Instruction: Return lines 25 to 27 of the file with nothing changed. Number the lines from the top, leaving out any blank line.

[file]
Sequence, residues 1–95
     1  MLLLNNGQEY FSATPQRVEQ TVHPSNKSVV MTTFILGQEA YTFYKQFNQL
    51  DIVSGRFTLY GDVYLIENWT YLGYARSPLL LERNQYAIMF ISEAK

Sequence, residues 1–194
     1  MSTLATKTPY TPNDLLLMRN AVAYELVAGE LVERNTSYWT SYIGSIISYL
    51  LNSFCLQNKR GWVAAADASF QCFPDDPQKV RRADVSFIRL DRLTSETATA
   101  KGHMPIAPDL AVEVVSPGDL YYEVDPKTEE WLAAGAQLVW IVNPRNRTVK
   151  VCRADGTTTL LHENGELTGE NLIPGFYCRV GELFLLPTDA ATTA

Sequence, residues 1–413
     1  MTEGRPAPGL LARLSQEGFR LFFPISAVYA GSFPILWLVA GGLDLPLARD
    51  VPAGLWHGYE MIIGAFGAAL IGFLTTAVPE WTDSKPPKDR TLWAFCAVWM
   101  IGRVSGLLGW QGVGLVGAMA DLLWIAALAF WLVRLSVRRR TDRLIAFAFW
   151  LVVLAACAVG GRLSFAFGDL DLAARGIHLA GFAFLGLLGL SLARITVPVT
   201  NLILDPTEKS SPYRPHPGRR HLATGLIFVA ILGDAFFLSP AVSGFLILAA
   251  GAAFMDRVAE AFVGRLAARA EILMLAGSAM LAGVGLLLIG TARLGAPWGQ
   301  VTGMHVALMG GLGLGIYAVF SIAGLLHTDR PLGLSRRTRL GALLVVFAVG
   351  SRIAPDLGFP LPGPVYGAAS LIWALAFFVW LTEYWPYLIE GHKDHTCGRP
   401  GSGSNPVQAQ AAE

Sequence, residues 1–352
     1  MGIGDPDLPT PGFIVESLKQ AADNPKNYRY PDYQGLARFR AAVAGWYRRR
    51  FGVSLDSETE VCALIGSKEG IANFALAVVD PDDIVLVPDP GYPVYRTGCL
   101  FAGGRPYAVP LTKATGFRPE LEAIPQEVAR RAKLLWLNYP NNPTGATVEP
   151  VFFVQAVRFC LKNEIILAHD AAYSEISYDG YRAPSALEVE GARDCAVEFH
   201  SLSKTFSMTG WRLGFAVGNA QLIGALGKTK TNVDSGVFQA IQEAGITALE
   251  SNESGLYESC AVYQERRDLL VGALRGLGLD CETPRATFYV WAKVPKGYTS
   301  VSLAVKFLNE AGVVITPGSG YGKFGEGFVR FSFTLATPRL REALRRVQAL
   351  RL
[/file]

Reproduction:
   251  SNESGLYESC AVYQERRDLL VGALRGLGLD CETPRATFYV WAKVPKGYTS
   301  VSLAVKFLNE AGVVITPGSG YGKFGEGFVR FSFTLATPRL REALRRVQAL
   351  RL